Friday, September 25, 2020

'Utopia Avenue' by David Mitchell

 25 September 2020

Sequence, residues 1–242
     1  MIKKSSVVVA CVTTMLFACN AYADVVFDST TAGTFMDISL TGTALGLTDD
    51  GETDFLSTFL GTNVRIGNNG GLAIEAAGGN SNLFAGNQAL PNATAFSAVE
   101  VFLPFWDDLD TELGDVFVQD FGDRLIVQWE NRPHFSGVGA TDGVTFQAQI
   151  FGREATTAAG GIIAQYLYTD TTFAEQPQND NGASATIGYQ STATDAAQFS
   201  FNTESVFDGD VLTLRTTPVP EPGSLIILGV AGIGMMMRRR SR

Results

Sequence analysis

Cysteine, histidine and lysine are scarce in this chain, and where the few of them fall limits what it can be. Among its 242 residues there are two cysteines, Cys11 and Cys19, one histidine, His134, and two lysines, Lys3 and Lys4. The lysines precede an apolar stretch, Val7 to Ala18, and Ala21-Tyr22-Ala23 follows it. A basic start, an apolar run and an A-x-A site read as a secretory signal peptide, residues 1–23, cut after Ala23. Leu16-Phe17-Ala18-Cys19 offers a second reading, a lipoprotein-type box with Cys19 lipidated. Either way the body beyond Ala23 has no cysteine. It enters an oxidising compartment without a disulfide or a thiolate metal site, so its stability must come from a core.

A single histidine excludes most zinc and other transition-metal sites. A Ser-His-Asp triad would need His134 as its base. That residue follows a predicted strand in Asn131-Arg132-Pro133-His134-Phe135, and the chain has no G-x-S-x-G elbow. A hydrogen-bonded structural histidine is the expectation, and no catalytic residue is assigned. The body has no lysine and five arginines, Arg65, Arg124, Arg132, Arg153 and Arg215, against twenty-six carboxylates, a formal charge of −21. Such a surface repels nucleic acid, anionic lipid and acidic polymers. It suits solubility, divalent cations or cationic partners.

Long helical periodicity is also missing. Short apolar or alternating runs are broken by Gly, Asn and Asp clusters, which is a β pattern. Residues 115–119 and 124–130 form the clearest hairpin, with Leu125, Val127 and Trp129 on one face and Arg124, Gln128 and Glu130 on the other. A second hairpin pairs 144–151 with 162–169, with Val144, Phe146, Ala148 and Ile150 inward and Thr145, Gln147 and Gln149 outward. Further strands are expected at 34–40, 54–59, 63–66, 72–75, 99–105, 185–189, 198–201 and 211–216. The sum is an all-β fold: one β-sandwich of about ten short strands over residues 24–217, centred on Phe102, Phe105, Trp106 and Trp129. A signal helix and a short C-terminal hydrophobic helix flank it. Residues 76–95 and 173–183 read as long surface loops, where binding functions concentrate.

Regular readers may remember that I am a David Mitchell completist, having read all his novels. I was looking forward to his new book ‘Utopia Avenue’ (which I read as an unabridged audio book narrated by Andrew Wincott) – the tale of a fictional English rock band in the late 1960s. But I am sorry to say I found this David Mitchell novel a bit disappointing. I think one of the reasons I have always liked his books is that we are almost the same age (he was born just over six months after me) and we therefore seem to share many of the same cultural references. So it was a surprise to find that he had set ‘Utopia Avenue’ just before we were born, making it more of a researched period piece. It was wonderful to return to Mitchell’s beautifully written prose – deceptively simple with hidden depths. And, for David Mitchell fans, as always there are lots of very satisfyingly oblique references to his earlier novels. Indeed, the high point of ‘Utopia Avenue’ for me was a chapter which connects the universe, and some of the characters, from his fantastical epic ‘The Bone Clocks’ (reviewed here in October 2014) both with ‘Utopia Avenue’ and with the plot of his 18th century historical saga 'The Thousand Autumns of Jacob de Zoet’ (reviewed here in August 2011). Sadly the rest of the new novel is a fairly straightforward tale of the formation, rapid rise and decline of the eponymous band – focussing in turn on each of its four members and their manager. It’s full of period detail and slightly too full of cameo appearances by a host of real 1960s celebrities. You get the impression that David Mitchell is enjoying weaving these actual personalities into his fictional plot a little too much. And some of the cameo appearances are really quite clunky (with people saying “are you Humphrey Lyttleton the jazz trumpeter?”, “Francis Bacon the painter?” etc). I enjoyed following the lives of the five main characters as a kind a soap-opera but the plot didn’t pull the rug from under your feet in the way some of Mitchell’s earlier novels did.



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